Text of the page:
A little fun today…

Before the invention of gutters on a house or building, there were gargoyles. Gargoyles have been around since the 13th century and some say even earlier. They were used at the top of stone buildings to spout water away from the building’s walls and foundations.

I really like gargoyles. I have a small one that I bought from the Cathedral in Washington, DC years ago. But if the stone creature on the building is not used for spouting water, it is called a grotesque.

While a gargoyle’s face was taken from the image of an ugly human, animal, or mythical or imagined creature, they had a purpose. If they weren’t used to spout the water away, they were thought to ward off evil. After all, a lot of them were on the tops of church buildings.

So, the next time you see an old building, don’t forget to look up. There might be one staring down at you!

Photo by Denis Oliveira on Unsplash


  1. Laurel, I love gargoyles, too! Every other year, I teach Humanities during the time period of Christendom. We study different types of cathedrals, many of which are lined with gargoyles and grotesques. There is, indeed, the idea that gargoyles are constructed to ward off evil spirits. According to folks like C.S. Lewis, Abbot Suger is St. Denis, John Ruskin and others contend this magnificent medieval architecture conveys the hope of Heaven through this specific decoration of the gospel— the truth that “the birds of the air find shelter in the mustard tree”, a symbol of the church. Evil cannot exist apart from good. Even the devil is God’s devil and can do nothing apart from Him.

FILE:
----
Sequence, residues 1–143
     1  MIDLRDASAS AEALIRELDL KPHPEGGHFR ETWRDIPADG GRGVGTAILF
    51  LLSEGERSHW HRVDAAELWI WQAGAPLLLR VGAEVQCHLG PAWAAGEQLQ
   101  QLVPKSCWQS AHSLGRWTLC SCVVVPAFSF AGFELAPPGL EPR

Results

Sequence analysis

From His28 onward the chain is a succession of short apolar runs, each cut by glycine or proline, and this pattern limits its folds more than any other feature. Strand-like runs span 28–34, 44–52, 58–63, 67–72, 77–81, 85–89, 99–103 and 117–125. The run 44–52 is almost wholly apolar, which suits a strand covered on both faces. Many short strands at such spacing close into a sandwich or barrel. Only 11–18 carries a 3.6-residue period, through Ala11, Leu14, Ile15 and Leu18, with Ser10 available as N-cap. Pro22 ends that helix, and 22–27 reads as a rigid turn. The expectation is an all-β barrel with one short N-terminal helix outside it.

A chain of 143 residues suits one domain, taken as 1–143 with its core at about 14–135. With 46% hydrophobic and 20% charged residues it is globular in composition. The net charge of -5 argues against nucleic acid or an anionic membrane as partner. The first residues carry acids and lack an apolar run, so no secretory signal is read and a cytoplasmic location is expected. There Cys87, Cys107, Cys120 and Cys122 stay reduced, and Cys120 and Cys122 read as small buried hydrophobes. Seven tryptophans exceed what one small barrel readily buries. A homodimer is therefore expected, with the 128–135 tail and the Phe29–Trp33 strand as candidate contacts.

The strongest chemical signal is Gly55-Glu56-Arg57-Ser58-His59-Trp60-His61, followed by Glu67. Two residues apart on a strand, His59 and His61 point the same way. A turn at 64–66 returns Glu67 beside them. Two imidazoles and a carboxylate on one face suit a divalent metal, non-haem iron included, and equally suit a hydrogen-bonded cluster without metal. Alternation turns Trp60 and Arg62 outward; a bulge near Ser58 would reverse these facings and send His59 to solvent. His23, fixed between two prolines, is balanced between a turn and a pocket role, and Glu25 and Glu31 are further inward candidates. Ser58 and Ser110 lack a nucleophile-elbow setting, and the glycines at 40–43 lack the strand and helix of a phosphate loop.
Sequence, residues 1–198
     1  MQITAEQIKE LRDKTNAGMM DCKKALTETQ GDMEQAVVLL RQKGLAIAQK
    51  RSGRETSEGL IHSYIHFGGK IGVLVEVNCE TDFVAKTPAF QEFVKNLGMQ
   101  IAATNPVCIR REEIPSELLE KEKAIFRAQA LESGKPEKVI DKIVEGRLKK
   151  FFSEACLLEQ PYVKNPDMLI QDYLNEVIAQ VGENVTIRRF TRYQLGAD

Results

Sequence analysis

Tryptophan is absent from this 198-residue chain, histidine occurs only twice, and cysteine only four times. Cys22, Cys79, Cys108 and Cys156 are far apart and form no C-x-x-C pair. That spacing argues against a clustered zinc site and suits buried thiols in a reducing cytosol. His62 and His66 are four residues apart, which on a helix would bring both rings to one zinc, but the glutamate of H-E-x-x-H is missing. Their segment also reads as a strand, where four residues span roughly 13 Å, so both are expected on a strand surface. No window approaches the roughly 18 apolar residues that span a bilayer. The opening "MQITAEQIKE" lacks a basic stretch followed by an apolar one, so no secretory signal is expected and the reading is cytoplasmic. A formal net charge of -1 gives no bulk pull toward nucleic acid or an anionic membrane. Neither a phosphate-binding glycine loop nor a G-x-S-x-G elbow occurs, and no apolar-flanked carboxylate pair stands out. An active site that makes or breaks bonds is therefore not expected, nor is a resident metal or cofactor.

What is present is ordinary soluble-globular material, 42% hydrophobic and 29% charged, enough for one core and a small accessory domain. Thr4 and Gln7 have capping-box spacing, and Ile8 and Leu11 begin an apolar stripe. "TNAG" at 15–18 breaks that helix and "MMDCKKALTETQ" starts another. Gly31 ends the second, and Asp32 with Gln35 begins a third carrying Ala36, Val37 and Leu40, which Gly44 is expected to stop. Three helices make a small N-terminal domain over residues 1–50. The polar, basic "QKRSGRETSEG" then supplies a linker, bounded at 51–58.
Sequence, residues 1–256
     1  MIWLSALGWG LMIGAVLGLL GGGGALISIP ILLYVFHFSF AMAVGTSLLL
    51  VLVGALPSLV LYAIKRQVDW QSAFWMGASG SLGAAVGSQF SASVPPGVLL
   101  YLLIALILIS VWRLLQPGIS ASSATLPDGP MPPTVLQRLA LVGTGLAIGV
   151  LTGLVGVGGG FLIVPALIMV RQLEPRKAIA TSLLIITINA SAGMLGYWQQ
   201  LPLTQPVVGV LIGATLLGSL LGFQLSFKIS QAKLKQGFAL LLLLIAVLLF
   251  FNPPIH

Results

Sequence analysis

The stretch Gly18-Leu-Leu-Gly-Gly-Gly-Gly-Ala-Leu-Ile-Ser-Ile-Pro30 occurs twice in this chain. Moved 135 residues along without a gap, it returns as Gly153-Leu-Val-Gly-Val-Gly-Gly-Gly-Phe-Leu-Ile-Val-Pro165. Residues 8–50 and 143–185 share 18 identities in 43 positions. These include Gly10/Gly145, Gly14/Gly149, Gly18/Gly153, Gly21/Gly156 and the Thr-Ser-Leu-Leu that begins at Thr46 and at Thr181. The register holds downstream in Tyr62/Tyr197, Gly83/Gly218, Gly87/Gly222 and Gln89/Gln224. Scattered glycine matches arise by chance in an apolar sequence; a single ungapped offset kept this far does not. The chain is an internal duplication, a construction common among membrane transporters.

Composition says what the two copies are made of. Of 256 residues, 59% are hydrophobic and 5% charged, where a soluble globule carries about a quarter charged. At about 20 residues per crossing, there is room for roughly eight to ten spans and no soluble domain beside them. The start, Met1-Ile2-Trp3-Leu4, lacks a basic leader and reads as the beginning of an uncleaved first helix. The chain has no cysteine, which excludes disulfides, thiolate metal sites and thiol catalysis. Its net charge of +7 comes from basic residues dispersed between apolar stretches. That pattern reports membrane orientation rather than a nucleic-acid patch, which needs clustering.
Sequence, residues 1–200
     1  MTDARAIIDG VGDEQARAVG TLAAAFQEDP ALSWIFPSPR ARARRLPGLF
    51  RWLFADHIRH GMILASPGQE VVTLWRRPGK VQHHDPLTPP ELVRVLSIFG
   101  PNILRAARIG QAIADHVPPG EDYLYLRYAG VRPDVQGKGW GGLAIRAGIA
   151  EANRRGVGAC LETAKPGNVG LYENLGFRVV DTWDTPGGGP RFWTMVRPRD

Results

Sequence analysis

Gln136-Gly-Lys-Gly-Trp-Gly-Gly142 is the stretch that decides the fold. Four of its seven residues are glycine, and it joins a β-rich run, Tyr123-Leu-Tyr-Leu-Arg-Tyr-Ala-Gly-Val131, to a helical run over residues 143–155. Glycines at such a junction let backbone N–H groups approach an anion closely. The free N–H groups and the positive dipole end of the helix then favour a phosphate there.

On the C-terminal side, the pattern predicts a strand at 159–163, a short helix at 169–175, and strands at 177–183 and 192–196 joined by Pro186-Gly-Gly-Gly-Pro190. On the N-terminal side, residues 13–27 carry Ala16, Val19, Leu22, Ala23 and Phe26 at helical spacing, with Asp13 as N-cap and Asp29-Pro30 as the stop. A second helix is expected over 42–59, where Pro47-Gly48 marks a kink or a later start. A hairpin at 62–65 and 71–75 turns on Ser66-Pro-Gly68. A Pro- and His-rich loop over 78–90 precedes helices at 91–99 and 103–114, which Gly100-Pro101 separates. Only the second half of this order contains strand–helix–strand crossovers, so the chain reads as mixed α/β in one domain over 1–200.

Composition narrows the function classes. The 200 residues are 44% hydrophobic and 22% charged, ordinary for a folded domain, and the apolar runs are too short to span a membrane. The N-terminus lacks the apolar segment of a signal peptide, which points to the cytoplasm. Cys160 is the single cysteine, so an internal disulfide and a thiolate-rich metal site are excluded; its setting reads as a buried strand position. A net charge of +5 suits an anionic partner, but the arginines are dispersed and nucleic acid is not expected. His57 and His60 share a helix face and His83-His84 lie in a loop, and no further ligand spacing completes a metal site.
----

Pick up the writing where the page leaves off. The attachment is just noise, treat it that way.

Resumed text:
Thanks for posting! I enjoy reading your work!

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